Revelation 1:4 - 3:22 - These letters must first be understood as real correspondence writtren to seven literal churches at the end of the first century AD.  Each letter begins with the same opening (I know your works), and each has a promise to him who overcomes, yet every message is tailored to the specific recipients.  Their value to believers beyond the first century is that they identify the kinds of Christians who compose the church in every age.

 

1:4 - 3:22 -  These letters must first be understood as real correspondence written to seven literal churches at the end of the first century AD.  Each letter begins with the same opening (I know your works), and each has a promise to him who overcomes, yet every message is tailored to the specific recipients.  Their value to believers beyond the first century is that they identify the kinds of Christians who compose the church in every age.

 

1:1 - Revelation is the translation of the Greek word apokalupsis.  It means "to reveal, to disclose, to uncover."  This is not a puzzle or an enigma, but a book that seeks to make manifest Jesus Christ.  The phrase must shortly take place describe an event that will occur suddenly, not necessarily one that may occur soon.

 

1:2 - This book is written not just in words but also in pictures (things that he saw).  The message is communicated in symbols and images.

 

1:3 - John clarifies that this purpose for writing the booki is blessing.  Revelation is the only book in the Bible that promises a blessing to those who read it, a detail John repeats at both its beginning and end (22:6, 7).  A person can be blessed just by reading Revelation or cursed for tampering with it.  But the greatest blessing comes when a person obeys it.  The road to true success, according to Revelation, is found in submitting one's life to God's Word (Luke 11:28).

 

1:4, 5 -  All three members of the Trinity - Father (Him who is and who was and who is to come), Son (Jesus Christ), and Holy Spirit (seven Spirits) - were involved in creating this book.

 

1:4 - Although each of the seven churches received a special letter from Christ through John, each congregation could read what was written to the others because everything was contained in this one, larger letter.  God's people have the same advantage today.  To have the perspective of the divine Head of the church is convicting.  Modern churches could solve some of the problems they face by reading the Lord's recommendations to these NT congregations.

 

1:5, 6 - Jesus Christ is described as the one who loved (Rom. 5:8), loosed (from sins), and lifted His people up (made us kings and priests; 1 Pet. 2:9).  Washed could more literally be translated "loosed" or "freed."  John 11:44 describes Lazarus as being loosed from his grave clothes.  The word also recalls that the Israelites were freed from slavery in Egypt.  Jesus has likewise freed believers from their sin!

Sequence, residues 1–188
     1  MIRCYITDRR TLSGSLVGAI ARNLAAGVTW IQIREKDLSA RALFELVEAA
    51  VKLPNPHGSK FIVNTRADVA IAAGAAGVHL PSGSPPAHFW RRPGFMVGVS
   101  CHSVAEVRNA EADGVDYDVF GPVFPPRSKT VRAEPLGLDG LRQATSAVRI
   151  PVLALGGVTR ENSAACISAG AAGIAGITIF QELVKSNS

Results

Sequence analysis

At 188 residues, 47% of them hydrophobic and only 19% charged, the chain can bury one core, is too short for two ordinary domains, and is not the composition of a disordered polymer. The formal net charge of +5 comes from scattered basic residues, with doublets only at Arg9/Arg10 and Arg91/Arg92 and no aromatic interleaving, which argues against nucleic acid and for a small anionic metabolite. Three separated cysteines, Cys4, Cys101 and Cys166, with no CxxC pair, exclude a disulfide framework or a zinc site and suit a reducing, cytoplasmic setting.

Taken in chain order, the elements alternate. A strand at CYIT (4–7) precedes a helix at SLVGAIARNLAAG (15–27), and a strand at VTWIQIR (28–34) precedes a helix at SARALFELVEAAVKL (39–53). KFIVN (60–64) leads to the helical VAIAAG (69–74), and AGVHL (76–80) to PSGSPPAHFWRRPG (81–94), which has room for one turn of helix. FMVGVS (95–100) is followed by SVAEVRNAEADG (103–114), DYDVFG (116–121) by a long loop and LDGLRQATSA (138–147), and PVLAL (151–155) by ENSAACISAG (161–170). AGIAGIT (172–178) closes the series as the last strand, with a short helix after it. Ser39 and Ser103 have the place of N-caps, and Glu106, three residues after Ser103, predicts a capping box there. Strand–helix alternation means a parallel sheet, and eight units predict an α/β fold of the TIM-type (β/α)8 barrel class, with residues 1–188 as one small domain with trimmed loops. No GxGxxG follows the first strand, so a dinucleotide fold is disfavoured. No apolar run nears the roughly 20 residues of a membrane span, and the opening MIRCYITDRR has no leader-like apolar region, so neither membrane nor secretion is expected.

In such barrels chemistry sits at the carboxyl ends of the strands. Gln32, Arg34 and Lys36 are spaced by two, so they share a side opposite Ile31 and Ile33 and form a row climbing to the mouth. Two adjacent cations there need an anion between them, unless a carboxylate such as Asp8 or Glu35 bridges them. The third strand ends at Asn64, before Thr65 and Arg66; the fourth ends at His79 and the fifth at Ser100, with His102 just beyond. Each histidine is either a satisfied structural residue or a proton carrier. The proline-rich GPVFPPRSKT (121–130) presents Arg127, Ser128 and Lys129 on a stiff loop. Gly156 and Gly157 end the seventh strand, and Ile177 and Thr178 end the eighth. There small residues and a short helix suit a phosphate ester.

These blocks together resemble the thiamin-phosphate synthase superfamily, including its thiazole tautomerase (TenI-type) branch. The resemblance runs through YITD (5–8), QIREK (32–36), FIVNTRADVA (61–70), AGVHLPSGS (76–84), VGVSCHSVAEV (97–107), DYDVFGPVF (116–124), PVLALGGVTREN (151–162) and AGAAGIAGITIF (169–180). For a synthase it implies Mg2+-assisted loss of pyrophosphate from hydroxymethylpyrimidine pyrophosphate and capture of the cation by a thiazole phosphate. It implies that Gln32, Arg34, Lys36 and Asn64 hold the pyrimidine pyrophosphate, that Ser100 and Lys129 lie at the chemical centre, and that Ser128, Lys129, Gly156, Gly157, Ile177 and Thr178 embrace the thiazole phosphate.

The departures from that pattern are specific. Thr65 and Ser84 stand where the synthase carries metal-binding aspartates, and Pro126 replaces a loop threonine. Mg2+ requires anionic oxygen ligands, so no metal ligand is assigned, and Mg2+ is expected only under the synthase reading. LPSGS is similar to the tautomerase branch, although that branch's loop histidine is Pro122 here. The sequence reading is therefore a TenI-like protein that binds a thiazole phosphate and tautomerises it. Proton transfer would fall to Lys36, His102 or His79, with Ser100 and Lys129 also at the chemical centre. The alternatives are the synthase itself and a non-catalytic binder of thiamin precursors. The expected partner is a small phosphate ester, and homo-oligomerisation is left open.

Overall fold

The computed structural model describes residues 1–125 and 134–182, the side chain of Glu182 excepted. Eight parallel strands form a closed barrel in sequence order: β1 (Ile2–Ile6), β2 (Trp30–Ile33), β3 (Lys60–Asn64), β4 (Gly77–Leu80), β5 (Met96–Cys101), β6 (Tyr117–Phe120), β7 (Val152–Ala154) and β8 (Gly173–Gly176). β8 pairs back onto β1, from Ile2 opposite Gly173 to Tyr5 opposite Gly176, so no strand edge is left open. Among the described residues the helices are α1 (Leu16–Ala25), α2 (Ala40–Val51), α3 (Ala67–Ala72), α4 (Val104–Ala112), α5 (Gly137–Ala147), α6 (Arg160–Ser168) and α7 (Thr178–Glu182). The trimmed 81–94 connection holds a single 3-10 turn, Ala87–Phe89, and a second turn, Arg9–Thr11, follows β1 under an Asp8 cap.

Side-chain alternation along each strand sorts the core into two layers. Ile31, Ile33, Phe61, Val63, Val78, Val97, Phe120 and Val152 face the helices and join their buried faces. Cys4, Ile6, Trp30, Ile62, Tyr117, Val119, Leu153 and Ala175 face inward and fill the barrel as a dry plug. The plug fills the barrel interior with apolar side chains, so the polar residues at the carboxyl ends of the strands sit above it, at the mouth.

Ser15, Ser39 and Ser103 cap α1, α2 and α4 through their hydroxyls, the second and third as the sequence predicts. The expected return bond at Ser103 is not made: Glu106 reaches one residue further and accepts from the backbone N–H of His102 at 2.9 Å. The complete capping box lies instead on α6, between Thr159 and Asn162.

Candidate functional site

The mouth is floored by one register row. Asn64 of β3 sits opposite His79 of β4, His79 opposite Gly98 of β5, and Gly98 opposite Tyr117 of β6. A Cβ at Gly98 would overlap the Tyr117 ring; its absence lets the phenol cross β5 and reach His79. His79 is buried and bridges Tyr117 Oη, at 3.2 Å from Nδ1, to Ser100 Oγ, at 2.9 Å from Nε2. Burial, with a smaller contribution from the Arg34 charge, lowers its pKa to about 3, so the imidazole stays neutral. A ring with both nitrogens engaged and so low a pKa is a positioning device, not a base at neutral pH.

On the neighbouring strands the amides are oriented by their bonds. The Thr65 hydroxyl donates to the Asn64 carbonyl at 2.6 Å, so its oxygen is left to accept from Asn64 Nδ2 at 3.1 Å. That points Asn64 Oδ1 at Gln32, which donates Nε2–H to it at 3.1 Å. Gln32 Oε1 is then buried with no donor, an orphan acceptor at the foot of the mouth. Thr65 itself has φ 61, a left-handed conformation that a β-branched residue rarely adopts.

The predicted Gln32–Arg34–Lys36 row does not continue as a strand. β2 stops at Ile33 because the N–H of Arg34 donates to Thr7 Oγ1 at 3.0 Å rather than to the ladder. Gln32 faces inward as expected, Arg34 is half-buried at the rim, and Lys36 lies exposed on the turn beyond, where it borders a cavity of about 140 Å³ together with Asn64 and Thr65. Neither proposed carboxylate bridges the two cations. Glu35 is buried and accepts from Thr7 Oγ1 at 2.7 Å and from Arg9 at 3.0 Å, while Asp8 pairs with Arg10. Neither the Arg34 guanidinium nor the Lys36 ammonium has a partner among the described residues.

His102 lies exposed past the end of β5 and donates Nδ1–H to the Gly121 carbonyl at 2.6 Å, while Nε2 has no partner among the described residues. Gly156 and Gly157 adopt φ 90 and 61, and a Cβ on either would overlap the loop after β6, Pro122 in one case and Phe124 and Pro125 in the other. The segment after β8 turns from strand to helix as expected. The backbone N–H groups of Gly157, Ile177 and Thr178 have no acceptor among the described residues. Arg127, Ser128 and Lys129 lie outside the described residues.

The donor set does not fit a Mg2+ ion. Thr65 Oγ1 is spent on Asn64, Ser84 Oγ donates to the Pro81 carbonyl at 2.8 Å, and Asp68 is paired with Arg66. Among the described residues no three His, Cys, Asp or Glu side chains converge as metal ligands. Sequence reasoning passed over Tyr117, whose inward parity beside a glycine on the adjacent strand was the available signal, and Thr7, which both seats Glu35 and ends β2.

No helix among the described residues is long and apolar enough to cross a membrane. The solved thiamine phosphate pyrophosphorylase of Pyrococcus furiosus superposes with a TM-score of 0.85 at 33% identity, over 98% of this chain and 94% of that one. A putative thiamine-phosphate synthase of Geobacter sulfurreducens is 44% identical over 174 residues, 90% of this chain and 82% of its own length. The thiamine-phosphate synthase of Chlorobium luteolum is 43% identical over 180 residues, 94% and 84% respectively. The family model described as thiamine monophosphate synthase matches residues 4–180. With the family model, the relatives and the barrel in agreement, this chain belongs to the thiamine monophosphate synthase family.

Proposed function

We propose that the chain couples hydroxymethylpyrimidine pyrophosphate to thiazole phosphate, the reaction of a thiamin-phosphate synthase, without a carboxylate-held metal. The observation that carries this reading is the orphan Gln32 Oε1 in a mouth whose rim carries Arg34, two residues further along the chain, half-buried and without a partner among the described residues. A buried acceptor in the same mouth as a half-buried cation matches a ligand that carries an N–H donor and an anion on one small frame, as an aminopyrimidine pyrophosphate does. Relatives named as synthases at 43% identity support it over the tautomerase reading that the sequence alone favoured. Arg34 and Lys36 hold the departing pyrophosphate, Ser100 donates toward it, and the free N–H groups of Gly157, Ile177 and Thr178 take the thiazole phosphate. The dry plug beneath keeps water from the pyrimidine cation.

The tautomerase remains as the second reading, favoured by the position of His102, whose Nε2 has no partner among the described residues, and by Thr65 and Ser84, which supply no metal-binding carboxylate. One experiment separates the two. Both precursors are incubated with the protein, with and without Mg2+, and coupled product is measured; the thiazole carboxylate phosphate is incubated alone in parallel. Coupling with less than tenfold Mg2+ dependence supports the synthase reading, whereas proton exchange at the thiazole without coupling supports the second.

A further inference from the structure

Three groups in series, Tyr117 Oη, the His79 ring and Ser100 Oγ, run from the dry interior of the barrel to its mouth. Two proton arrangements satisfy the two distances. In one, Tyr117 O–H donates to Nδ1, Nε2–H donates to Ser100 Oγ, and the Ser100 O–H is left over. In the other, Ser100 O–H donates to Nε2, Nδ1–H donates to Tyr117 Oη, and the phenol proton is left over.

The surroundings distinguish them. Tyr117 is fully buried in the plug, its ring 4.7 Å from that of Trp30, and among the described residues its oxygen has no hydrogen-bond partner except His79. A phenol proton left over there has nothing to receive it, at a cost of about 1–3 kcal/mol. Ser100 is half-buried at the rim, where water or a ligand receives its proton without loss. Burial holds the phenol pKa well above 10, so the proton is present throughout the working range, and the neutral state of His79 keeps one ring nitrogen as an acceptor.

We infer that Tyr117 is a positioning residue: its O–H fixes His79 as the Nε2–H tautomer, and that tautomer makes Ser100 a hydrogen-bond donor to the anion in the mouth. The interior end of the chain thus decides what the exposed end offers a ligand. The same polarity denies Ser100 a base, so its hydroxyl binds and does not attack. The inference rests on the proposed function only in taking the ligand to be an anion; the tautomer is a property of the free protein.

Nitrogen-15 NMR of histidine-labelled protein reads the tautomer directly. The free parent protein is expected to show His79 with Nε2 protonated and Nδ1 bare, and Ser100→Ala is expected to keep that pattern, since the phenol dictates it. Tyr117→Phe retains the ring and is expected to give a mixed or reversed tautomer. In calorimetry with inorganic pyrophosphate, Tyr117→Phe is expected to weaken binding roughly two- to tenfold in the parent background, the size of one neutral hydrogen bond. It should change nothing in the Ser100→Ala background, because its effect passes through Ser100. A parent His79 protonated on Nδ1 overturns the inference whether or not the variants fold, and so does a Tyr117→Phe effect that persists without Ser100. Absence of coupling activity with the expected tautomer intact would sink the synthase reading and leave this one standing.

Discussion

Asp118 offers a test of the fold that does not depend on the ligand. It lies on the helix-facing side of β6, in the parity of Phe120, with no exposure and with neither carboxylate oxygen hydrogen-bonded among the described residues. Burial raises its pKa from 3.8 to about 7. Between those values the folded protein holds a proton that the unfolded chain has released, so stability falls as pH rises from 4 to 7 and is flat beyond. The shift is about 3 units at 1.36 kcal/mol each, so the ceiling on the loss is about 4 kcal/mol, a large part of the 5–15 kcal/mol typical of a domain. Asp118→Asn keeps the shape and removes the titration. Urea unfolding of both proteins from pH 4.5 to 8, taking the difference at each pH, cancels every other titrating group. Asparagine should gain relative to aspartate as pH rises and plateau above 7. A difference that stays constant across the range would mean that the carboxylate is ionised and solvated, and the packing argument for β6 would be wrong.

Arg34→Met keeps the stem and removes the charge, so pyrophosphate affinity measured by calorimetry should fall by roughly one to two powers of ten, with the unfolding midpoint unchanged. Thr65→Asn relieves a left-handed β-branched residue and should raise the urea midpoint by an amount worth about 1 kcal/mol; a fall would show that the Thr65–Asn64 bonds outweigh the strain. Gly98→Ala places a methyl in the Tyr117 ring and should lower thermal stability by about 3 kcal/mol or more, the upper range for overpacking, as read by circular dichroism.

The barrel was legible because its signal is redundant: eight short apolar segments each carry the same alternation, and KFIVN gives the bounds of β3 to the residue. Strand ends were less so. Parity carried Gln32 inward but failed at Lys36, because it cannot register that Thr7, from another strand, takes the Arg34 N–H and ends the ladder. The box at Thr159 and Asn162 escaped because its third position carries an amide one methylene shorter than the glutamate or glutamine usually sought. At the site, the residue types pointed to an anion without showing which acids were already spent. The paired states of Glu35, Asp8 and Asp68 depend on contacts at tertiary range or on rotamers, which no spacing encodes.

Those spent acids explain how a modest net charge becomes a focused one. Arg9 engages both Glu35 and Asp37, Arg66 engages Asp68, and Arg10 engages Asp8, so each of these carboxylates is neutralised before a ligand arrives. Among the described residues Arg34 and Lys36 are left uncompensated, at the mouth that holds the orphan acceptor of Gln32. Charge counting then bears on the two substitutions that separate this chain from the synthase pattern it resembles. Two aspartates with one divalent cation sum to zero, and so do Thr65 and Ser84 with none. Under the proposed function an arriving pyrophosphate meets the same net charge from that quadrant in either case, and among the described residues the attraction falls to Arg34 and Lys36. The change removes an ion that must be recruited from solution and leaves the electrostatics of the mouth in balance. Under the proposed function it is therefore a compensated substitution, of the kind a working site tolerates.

1:5 - Only in Revelation is Christ given the title faithful witness.  He was a genuine martyr, faithful unto death (Prov. 14:5; John 8:14).  The phrase ruler over the kings of the earth refers to Christ's present reign, not His future one.  He is now the King of kings.

 

 

1:7, 8 - These verses present the theme of the entire book; the return of the King (22:20) and establishment of his rule over the kingdom.  Coming translate the Greek work parousia - the word that most often espresses the return of Jesus.  It describes the arrival of the King and the changes in the situoation that His arrival produces (Dan. 7:13; Zech. 12:10; Matt. 24:29, 30).

 

1:8 - Alpha and omega are the first and loast letters of the Greek alphabet.  Here they point to the eternity of Christ and to His all-inclusive power (Dan. 7:13, 14).  Jesus is the boundless Alpha and Omega),  timeless (Who is, and was, and is to come)), and powerful One (the Almighty).

 

1:9 - 20 - In these verses, Jesus is not pictured as the lowly Galilean of the Gospels but the glorified and risen Christr.  He is not seen as the Lamb of God who takes away the sin of the world but the exalted Son of Man whose eyes are as a flame of fire.

 

1:9 - Three key phrases in John's statement all go together:  he is a companion in the tribulation and kingdom and patience of Jesus Christ.  Whether in times of suffering triumph, or trouble, John and his readers can endure because God is at work as a sovereign, establishing His kingdom for them and through them.  His kingdom will prevail.

 

1:10 - When John was in the spirit, the physical limits of time and space were temporarily set aside.  In this condition, he moved in two directions: upward to heaven and forward in time to the Day of the Lord (4:2; 17:3; 21:10).

 

 

1:12 - The seven lampstands represent all Christian churches, not just those of Revelation.  A lampstand is not a light but a bearer of light.  When Jesus walked the earth, He was the Light of the World (John 8:12).  Now that Christ has returned to heaven, the church is responsible to shine His light into the darkness on earth (Matt. 5:14; John 9:4, 5).

 

11:13, 14 - On one occasion, Jesus girded Himself with a towel and washed the disciple's feet (John 13:4, 5), but here He is clothed in majesty, not as a servant.

 

1:13 - The phrase Son of Man is used about 100 times of Ezekiel; it is also used once of Daniel (8:17) and once to describe a heavenly, exalted figure who receives authority (Dan. 7:13, 14).  The NT uses this title for Christ over 80 times to express His dominion.  The lampstands encircling the Son of Man present a true picture of the relationship of Christ to His church.